Pastor on lawsuit: Facebook not abiding by its own rules

Pastor on lawsuit: Facebook not abiding by its own rules

Pastor on lawsuit: Facebook not abiding by its own rules

Big Tech is facing a lawsuit from former President Donald Trump over the censorship of conservatives. But a second, less-high-profile lawsuit against the media giants is underway as well.

Rich Penkoski of Warriors for Christ has gone round and round with Facebook for several years. The West Virginia pastor has been put on time-out multiple times, has had one popular page dismantled, has been shadow-banned and outright censored – all without explanation from the massive company.

So Penkoski and several others are suing Facebook and its "Big Social" colleagues. He contends the companies are hiding behind the infamous Section 230 of the Communications Decency Act.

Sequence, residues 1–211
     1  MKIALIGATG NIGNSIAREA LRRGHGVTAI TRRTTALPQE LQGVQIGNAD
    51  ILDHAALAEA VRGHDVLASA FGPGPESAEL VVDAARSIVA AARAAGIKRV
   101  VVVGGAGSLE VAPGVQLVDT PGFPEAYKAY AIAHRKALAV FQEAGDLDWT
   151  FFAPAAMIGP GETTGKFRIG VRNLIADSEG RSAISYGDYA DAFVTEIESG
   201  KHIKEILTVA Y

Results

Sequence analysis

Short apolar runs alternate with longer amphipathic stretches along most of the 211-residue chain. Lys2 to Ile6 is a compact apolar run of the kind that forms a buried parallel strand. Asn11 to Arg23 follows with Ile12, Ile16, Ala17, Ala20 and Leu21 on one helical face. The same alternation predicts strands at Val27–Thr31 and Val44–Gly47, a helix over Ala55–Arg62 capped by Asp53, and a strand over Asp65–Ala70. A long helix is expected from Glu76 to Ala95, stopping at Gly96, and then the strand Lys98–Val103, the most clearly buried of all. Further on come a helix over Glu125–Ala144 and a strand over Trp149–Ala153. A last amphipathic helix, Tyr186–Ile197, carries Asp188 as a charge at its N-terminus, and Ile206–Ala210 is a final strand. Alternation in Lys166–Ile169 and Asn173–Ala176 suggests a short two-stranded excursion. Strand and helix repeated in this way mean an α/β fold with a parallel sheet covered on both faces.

"Section 230 was never meant to be used the way Facebook, Twitter and Google are using them," he states. "As a result, we have absolutely zero recourse against social media companies when they cause us harm – and we want that to change."

Like other Facebook users, when Penkoski signed up he promised not to upload pornographic or violent images and to abide by the rest of the company's rules. He points out that contract has two parties – and argues that Facebook is violating its own terms.

"Facebook has repeatedly said that they are offering a platform where we can have the free expression of ideas, and they won't censor [those ideas] based on political and religious ideology," he explains. "That's not true."

Chris Sevier is the counsel of record for the lawsuit. He tells One News that his clients' complaint differs from the one brought by former President Trump, who is suing the social media companies. Instead, this lawsuit is targeting the attorney general of the United States.

"If you want to have one of Congress' statutes nullified, [that's] the right party to sue … because that's the person who's tasked with enforcing Congress' law," Sevier states.